Candy reported she enjoyed school but that she hated her home life. She said she couldn’t stand to live with her stepfather and that she would never cooperate with him. She said he was rude, crude, and offensive in the way he dressed, ate and behaved around the home. Further, Candy said she would run away from home rather than continue to live with him.
Billy was referred by his school and his parents. He was a bright sixth grader who was in accelerated placement classes. He had been recognized early as very intellectually capable and had progressed rapidly in his academic skills. He had few effective interpersonal skills, however, and was often in trouble at school and with his peers. Billy particularly liked to tease other students, to show off about how smart he was, and to criticise the work of others. He also liked to take on teachers and would look for opportunities to make fun of them in front of the class or to adults. He served as the class clown and would disrupt activities and call attention to himself by doing outlandish things such as wearing flowing capes and broad-brimmed hats to class, turning animals loose in the classroom, setting fires in the closet, and engaging in other highly disruptive behaviours, although he usually avoided physical fights or altercations.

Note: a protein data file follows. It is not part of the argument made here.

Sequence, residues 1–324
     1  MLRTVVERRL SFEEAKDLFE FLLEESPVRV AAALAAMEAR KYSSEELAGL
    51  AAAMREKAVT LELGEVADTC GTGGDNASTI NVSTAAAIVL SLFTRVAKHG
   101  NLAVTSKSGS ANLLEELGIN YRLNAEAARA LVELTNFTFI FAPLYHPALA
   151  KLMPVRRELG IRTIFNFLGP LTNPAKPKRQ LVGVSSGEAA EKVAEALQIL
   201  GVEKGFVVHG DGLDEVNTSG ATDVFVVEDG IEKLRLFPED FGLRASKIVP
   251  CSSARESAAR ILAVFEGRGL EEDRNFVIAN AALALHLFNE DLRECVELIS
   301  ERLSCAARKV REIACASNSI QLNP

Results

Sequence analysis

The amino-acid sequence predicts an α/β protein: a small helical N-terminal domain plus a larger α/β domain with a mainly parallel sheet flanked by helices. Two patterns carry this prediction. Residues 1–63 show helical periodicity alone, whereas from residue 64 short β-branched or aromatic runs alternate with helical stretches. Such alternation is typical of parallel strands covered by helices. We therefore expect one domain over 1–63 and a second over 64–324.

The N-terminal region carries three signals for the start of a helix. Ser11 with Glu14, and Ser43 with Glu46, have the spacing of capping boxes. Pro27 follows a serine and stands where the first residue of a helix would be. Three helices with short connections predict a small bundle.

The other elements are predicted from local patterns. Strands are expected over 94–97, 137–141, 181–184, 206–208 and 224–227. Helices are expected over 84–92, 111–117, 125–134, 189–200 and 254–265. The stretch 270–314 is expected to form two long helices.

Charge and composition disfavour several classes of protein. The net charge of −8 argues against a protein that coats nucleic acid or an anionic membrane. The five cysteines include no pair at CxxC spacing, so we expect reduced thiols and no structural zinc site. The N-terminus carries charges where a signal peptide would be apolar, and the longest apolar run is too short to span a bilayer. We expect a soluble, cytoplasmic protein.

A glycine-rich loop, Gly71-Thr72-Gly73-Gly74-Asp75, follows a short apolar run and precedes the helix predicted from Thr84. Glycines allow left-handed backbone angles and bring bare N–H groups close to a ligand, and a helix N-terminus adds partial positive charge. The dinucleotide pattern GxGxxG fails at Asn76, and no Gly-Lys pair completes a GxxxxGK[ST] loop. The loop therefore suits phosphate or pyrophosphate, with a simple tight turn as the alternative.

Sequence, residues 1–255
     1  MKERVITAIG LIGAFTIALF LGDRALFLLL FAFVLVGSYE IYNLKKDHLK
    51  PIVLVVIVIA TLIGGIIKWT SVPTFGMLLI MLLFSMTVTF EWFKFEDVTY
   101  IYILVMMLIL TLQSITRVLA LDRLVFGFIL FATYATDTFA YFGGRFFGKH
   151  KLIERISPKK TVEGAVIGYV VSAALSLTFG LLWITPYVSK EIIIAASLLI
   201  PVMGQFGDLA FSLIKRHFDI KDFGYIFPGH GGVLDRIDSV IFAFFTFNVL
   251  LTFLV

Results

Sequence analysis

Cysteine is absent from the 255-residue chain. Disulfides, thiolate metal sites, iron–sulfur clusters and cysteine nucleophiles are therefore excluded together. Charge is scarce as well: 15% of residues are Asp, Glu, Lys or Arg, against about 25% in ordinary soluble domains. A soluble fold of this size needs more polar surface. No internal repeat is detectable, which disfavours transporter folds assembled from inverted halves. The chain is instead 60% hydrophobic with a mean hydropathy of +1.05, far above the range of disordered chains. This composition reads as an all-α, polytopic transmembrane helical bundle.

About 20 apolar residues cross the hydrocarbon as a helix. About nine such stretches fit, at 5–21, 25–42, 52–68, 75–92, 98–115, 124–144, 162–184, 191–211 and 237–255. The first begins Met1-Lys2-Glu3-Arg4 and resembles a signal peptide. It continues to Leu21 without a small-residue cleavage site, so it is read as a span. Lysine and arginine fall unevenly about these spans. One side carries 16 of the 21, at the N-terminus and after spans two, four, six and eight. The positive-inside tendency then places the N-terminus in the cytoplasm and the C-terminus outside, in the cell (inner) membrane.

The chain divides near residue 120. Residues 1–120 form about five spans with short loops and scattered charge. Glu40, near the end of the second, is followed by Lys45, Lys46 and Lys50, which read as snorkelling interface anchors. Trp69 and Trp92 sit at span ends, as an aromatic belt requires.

Billy’s parents reported equally disruptive behaviour at home. They had always found him to be bright and advanced for his age and assumed he would outgrow the disruptive behaviour patterns. However, as he grew older, he became considerably more difficult around the home and regularly questioned his parents’ authority over him. The parents reported considerable marital difficulty and attributed much of the responsibility for their problems to Billy, stating that dealing with him took so much energy that there was little left over for the adults to share in their time together
During the interview, Billy treated the behavioural problems mostly as a joke and reported he thought it was funny that adults couldn’t handle him. He said he thought they were too slow to keep up with him and that he didn’t respect people who couldn’t cope with his antics. He showed no sense of responsibility for his actions toward others.
(To be continued)
©Prof. Ashoka Jahnavi Prasad
Photos from the Internet
#AntisocialChildren #BehaviourOfChildren #SignsofAntisocialBehavious #Actions #Responsibilities #ProblemedChildren #IssuesOfBehaiour #reasonsforchildhoodbehaviour
Latest posts by Prof. Ashoka Jahnavi Prasad (see all)
- The Law of Falling Objects - March 18, 2018
- Psychotherapy Paradigms in Schizophrenia: Recognise a Patient’s Pain – VI - March 14, 2018
- In Defence of Euthanasia: The Right to Refuse Treatment and Die with Dignity - March 11, 2018